The multiple Oscar nominee who received an honorary lifetime achievement Oscar earlier this year died on Monday night, Nov. 20, in Los Angeles. The cause of death has yet to be released.
Robert Bernard Altman was born in Kansas City, Missouri on February 20, 1925 into a devoutly Catholic family. After high school, he attended Wentworth Military Academy and then became a bomber in the Army Air Forces during World War II. After trying his hand at writing, he turned to making industrial films for the Calvin Company for almost six years. He went back and forth from the Calvin Company to Hollywood, always trying to get his break doing more creative work, and in 1955, he left the indusrial film business for good.
He struggled for many years in filmmaking, until 1970, when he directed the critically acclaimed and successful "M*A*S*H." This film also developed his signature style, in which large ensemble casts would interact using improvisational, often overlapping dialogue.
The Korean War comedy also spawned a long-running TV series of the same name, which Altman disliked because of what he felt was a money-driven motivation to promote an Asian war to the American public. "M*A*S*H" was Altman's biggest box office success and starred Donald Sutherland, Elliott Gould, Robert Duvall and Tom Skerritt, among others. Altman received his first Oscar nomination for directing the film.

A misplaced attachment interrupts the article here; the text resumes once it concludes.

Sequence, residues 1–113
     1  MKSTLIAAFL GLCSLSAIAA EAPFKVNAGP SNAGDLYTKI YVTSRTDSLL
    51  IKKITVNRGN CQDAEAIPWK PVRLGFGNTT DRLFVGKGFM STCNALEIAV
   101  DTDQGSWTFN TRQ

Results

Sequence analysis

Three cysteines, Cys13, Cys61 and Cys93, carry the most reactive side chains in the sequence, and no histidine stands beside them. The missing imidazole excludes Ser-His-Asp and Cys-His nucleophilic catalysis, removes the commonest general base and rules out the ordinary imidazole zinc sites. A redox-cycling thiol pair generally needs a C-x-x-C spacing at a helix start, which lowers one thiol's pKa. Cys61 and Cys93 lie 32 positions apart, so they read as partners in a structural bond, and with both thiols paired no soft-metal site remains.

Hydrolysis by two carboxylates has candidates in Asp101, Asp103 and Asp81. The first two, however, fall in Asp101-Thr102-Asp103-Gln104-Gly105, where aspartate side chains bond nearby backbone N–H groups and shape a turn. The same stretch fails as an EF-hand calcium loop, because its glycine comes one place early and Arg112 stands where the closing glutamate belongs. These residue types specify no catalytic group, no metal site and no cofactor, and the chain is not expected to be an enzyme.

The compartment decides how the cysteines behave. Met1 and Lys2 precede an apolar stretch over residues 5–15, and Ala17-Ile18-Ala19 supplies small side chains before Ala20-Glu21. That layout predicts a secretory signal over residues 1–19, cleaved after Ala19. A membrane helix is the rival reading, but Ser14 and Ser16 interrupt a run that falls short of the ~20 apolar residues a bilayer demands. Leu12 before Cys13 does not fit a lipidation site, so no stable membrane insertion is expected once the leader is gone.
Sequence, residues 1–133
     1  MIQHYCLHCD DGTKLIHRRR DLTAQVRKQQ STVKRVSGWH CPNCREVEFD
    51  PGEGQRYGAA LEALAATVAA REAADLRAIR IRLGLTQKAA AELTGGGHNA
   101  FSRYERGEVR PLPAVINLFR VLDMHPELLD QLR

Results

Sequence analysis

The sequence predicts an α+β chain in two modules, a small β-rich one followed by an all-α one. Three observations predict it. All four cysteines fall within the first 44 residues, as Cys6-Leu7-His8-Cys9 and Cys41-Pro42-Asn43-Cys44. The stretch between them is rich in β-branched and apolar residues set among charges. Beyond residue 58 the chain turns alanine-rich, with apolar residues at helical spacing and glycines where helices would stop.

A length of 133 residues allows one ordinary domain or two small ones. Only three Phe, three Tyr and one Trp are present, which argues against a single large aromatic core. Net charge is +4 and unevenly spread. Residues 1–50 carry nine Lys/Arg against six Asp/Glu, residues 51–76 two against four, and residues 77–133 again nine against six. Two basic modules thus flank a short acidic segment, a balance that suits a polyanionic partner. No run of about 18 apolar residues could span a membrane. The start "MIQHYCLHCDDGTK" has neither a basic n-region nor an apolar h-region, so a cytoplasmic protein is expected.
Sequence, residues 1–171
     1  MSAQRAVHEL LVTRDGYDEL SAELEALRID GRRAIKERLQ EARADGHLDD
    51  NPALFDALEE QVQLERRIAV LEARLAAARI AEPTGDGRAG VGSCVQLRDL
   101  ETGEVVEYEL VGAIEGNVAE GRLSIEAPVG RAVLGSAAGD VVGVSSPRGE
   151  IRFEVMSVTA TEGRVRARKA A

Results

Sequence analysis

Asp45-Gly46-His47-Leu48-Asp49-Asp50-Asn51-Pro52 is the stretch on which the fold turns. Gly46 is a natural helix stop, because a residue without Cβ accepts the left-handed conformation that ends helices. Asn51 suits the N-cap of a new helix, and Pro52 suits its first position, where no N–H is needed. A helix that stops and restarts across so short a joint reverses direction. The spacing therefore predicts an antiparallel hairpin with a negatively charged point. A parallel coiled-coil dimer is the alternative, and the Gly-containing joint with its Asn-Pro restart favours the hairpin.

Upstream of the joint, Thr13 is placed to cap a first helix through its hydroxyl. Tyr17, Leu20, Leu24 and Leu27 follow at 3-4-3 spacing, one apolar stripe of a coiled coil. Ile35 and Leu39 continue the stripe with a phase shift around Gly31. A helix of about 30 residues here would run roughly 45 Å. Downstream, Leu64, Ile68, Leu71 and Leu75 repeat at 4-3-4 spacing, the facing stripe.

He followed this with "Brewster McCloud," "McCabe and Mrs. Miller," "The Long Goodbye" and "Thieves Like Us." 1975's "Nashville" earned him two additional Oscar nomination for directing and best picture.
Another strange spell followed, in which he directed numerous films, including a big screen "Popeye," which actually did well enough at the box office. His career was revived once again in 1992 with the Hollywood satire "The Player" and "Shortcuts" a year later, bringing him yet another couple of best director nominations.
The tepidly received "Pret a Porter," "Cookie's Fortune" and "Dr. T and the Women" filled the space before his next great success, "Gosford Park." This time, Altman brought his caustic wit to England for a 1930s murder mystery that earned six Oscar nominations, including best director, best picture, and best supporting actress for both Helen Mirren and Maggie Smith. It won for its best original screenplay. It was Altman's biggest box office success since "M*A*S*H."
In 2006, he tried his hand at bringing Garrison Keillor's "A Prairie Home Companion" radio show to the big screen as a fictionalized account of what it's like behind the scenes. The film stars Kevin Kline, Meryl Streep, Lily Tomlin, Lindsay Lohan, Woody Harrelson, Tommy Lee Jones and Virginia Madsen. His most recent project in the works was inspired by the documentary "Hands on a Hard Body," about a Texas endurance contest in which the last person standing with a hand on a new Nissan Hardbody truck wins the vehicle.
Besides his film style, Altman is respected for being an "actor's director" and for constantly challenging Hollywood. Both "M*A*S*H" and "Nashville" have been preserved in the United States National Film Registry.
The director racked up numerous other awards, including BAFTA, Golden Globe and AFI wins for "Gosford Park," a Cannes Film Festival win for directing "The Player" and an Emmy for directing an episode of "Tanner '88." During his acceptance speech for his honorary Oscar, he revealed that he had received a heart transplant about a decade earlier.
Altman is survived by his wife Kathryn, their two sons Robert and Matthew, stepdaughter Konni, and three other children from two previous marriages.